Conflict and Fragility

Reports and papers

Going around in circles: Peacekeeping and stabilization in Congo

03 Aug 2015 - 16:08
Source: MONUSCO Conducts Joint Operation with Congolese Forces in Beni / Flickr / CC / un_photo

With the aim of explaining the cyclical recurrence of crisis and conflict in the DRC, this report identifies and explores two main causes. First, the government of Congo’s engagement with the eastern provinces is used to maintain and extend a state that is kept purposefully weak so as to better manipulate it on behalf of private interests.

Second, the international community, MONUSCO first and foremost, has been unable to counter these dynamics due to a series of acute constraints and a limited set of technical formats for interventions. These formats, particularly those involved in ‘restoring state authority’, have become so ingrained that more innovative ways of undertaking peacekeeping and stabilization have been neglected.

Illustrative in this regard is the International Security and Stabilization Support Strategy (I4S). The I4S experience shows that technical interventions for peace consolidation, popular as they are with the government and MONUSCO, do not ‘stabilize’ the eastern DRC. It also points at the limitations posed by a the central government that is not interested in political peacebuilding or social transformation. Finally, it suggests that MONUSCO is not capable of engaging with stabilization and peace consolidation in a manner that is not in line with its limited strategy.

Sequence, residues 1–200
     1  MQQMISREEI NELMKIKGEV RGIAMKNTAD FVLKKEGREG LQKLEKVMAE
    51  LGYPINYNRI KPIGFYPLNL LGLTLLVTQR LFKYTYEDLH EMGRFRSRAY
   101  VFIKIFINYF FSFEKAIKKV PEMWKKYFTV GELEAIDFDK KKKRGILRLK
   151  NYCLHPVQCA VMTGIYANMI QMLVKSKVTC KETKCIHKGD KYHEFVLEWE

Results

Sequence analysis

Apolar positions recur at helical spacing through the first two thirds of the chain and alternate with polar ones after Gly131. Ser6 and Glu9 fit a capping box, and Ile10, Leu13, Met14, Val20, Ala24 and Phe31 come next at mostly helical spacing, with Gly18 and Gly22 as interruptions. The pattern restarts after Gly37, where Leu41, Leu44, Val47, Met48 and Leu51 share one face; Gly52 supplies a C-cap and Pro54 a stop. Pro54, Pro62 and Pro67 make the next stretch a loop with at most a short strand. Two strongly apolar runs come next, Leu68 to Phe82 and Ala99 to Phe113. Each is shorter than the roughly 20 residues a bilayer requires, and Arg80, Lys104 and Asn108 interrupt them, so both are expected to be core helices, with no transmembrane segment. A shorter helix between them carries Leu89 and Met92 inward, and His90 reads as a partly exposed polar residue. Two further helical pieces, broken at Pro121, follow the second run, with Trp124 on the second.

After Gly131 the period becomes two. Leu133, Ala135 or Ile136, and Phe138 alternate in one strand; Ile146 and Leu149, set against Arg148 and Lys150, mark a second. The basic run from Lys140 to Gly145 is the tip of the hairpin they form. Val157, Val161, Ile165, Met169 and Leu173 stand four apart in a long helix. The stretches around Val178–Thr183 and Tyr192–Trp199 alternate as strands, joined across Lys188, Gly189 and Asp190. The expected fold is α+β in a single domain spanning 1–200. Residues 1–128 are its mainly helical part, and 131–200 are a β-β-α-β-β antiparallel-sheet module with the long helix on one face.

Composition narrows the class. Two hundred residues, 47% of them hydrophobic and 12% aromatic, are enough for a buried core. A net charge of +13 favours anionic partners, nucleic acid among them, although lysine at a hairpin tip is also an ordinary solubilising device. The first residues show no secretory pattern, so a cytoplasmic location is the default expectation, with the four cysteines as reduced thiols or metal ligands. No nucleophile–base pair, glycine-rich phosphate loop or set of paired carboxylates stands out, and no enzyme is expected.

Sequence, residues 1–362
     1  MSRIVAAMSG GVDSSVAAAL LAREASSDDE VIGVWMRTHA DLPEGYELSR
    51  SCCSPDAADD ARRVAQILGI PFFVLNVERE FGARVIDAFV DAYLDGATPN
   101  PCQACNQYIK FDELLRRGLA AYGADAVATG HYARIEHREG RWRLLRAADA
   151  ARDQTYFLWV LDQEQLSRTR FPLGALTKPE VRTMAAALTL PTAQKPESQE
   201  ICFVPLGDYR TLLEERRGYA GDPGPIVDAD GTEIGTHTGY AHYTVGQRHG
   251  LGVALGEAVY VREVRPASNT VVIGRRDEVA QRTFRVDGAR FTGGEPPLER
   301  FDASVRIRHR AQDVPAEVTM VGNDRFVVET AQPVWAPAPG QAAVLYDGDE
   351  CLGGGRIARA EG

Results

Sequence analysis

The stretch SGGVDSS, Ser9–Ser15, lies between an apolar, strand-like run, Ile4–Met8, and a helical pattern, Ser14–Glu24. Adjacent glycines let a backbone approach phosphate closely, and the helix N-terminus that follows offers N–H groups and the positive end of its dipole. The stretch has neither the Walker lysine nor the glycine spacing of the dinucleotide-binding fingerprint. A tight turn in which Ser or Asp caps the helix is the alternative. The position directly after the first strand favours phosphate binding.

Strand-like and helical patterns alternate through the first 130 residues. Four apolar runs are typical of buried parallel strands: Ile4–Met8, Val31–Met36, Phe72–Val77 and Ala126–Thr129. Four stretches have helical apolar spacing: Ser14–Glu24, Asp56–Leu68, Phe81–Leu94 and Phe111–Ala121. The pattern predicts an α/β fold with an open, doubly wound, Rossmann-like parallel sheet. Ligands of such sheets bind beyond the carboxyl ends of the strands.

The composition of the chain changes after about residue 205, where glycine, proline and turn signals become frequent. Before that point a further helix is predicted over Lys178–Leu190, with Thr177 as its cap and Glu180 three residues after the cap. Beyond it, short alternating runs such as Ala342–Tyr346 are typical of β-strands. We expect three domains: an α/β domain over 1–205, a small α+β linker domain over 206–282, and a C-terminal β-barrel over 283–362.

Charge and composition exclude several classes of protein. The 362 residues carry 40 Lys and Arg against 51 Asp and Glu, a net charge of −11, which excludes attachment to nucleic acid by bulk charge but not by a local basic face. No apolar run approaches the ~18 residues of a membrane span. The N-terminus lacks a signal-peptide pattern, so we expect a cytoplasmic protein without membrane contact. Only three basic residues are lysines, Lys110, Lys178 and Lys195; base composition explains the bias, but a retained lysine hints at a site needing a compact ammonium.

This report concludes with a mix of good and bad news. On one side, there is little evidence for optimism about the future. The international community has proven itself unwilling to engage more strongly with Kinshasa, or to think of a more original approach for peacebuilding in eastern DRC. On the other hand, the report shows that the Congolese experience with stabilization and peacekeeping has provided critical lessons for future international engagements.

The full report can be found online on our webpub

Hugo de Vries was also interviewed by the blog Congo Siasa about this report, listen to the full podcast below.